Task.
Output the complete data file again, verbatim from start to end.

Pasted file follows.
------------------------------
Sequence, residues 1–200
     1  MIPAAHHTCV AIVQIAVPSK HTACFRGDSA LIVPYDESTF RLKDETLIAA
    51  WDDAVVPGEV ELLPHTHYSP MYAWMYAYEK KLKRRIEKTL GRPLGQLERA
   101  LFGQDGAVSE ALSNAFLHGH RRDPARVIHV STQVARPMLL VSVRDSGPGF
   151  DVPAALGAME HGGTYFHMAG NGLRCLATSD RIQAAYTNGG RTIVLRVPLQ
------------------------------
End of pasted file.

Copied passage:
Sequence, residues 1–200
     1  MIPAAHHTCV AIVQIAVPSK HTACFRGDSA LIVPYDESTF RLKDETLIAA
    51  WDDAVVPGEV ELLPHTHYSP MYAWMYAYEK KLKRRIEKTL GRPLGQLERA
   101  LFGQDGAVSE ALSNAFLHGH RRDPARVIHV STQVARPMLL VSVRDSGPGF
   151  DVPAALGAME HGGTYFHMAG NGLRCLATSD RIQAAYTNGG RTIVLRVPLQ